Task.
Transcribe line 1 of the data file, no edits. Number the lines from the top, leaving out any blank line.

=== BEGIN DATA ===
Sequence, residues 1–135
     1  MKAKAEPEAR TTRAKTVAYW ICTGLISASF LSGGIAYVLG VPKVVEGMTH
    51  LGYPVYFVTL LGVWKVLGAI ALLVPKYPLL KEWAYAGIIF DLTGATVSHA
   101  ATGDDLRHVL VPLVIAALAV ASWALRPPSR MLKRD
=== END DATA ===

Sequence, residues 1–135